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Words of Wisdom

“The Days and Nights of Brahma”– Selections from Theosophy’s Sacred Teachings in “The Secret Doctrine,” Part 1 of 2

2021-12-01
Language:English
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The 19th-century Madame Helena Petrovna Blavatsky was born into a noble family in Ukraine. As a child, young Helena displayed a gift for clairvoyance as well as an interest in metaphysical phenomena. Years later, she traveled throughout Europe, the Middle East and India, studying with various teachers and Sufi saints. Today on Words of Wisdom, we invite you to join us for excerpts from “The Days and Nights of Brahma,” from Madame Blavatsky’s “The Secret Doctrine.”

“This is the name given to the Periods called Manvantaram (Manuantara, or between the Manus) and Pralaya (Dissolution); one referring to the active periods of the Universe, the other to its times of relative and complete rest – according to whether they occur at the end of a ‘Day,’ or an ‘Age’ (a life) of Brahma. These periods, which follow each other in regular succession, are also called Kalpas, small and great, the minor and the Maha Kalpa; though, properly speaking, the Maha Kalpa is never a ‘day,’ but a whole life or age of Brahma, for it is said in the Brahma Vaivarta: ‘Chronologers compute a Kalpa by the Life of Brahma; minor Kalpas, as Samvarta and the rest, are numerous.’ In sober truth they are infinite; as they have never had a commencement, namely, there never was a first Kalpa, nor will there ever be a last one, in Eternity.”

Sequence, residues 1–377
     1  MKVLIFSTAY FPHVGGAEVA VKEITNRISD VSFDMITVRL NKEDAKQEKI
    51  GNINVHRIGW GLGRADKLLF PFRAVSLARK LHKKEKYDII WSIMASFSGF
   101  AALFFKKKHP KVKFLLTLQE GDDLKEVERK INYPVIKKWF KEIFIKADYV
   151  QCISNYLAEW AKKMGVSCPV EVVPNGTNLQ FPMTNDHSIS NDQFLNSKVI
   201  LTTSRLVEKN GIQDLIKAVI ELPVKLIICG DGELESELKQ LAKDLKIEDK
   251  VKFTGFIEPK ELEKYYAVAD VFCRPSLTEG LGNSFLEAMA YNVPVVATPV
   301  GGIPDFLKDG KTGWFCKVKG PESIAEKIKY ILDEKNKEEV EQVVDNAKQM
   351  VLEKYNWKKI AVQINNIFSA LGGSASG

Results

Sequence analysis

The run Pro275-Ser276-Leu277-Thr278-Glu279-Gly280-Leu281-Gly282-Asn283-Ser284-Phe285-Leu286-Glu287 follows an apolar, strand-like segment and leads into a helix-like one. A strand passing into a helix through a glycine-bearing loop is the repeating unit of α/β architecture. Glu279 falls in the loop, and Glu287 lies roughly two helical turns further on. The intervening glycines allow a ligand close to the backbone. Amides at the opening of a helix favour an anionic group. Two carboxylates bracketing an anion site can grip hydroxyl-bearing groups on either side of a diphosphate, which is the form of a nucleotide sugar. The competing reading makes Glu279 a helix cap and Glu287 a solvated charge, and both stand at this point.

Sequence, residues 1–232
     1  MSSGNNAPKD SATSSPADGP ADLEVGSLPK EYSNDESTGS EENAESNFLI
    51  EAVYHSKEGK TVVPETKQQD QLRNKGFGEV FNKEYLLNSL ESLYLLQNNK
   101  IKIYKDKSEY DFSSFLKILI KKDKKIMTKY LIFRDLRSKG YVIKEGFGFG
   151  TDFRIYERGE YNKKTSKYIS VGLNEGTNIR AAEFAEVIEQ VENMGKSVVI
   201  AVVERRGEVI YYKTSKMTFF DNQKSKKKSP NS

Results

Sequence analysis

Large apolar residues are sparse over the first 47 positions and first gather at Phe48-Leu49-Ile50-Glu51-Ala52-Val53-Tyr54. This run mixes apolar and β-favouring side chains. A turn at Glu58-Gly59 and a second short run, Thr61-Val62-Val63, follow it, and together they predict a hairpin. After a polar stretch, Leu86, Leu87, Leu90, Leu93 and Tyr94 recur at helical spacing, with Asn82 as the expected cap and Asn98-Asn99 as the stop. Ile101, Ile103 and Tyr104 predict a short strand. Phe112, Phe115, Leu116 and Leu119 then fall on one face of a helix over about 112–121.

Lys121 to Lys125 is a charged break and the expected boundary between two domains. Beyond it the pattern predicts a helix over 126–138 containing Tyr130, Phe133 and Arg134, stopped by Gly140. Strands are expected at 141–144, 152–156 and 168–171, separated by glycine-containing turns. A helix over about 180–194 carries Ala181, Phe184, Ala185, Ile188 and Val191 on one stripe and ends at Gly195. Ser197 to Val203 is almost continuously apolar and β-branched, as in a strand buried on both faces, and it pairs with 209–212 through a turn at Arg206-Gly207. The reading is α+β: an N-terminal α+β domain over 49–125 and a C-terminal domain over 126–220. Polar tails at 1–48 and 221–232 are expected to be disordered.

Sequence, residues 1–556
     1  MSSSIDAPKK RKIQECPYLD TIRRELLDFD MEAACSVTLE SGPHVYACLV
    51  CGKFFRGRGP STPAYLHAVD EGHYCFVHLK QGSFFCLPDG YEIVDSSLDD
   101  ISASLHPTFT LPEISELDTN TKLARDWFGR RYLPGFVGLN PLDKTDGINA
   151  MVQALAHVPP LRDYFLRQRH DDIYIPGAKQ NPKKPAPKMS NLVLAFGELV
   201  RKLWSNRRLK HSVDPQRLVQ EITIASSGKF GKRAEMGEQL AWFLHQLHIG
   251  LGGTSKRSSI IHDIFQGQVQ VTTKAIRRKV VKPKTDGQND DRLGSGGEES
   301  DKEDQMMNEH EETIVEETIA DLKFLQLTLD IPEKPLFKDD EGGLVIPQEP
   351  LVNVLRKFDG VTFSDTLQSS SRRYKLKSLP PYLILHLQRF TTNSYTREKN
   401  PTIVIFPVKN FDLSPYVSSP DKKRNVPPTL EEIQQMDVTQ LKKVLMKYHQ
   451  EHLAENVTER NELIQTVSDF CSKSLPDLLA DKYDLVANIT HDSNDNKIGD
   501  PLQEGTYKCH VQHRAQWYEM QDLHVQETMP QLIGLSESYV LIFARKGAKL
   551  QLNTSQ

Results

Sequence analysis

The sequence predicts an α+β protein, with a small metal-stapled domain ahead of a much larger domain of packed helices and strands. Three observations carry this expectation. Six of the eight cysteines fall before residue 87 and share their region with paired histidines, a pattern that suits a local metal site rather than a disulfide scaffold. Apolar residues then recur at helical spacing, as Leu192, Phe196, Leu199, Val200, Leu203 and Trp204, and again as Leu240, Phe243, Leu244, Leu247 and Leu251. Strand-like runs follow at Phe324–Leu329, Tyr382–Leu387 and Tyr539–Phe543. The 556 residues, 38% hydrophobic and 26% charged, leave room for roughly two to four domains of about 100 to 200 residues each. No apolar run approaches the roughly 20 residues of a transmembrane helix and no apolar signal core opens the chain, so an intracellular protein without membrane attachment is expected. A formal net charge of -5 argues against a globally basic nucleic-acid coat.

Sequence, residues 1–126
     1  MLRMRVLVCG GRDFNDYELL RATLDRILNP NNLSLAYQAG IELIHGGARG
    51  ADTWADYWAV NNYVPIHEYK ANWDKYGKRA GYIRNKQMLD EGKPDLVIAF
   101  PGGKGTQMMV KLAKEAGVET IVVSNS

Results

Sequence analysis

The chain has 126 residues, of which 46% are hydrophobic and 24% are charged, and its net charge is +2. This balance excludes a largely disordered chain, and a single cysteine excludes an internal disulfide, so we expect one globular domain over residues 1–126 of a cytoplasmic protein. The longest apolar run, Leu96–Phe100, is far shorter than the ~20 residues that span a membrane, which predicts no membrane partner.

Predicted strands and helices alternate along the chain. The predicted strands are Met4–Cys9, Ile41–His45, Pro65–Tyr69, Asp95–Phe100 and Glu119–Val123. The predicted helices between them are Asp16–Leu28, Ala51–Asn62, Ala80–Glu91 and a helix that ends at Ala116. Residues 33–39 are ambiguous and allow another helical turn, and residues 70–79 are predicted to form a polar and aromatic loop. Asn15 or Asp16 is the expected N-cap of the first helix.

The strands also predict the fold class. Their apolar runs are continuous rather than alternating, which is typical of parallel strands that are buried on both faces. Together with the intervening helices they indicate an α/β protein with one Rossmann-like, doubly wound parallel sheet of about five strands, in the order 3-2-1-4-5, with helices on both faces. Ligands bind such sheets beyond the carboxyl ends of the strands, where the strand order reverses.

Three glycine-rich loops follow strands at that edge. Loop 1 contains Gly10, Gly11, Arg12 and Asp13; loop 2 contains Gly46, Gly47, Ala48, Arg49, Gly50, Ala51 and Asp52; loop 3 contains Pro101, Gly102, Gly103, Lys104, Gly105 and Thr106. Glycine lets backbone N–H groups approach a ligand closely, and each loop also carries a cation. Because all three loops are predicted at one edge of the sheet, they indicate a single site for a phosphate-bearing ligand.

“Of the pralaya before which fourteen Manvantaras elapse, having over them as many presiding Manus, and at whose close occurs the ‘incidental’ or Brahma's dissolution, it is said in Vishnu Purana, in condensed form, that ‘at the end of a thousand periods of four ages, which complete a day of Brahma, the earth is almost exhausted. The eternal Avyaya (Vishnu) assumes then the character of Rudra (the destroyer, Siva) and re-unites all his creatures to himself. He enters the Seven rays of the Sun and drinks up all the waters of the globe; he causes the moisture to evaporate, thus drying up the whole Earth. Oceans and rivers, torrents and small streams, are all exhaled. Thus fed with abundant moisture the seven solar rays become sevens suns by dilation, and they finally set the world on fire. Hari, the destroyer of all things, who is “the flame of time, Kalagni,” finally consumes the Earth.’”
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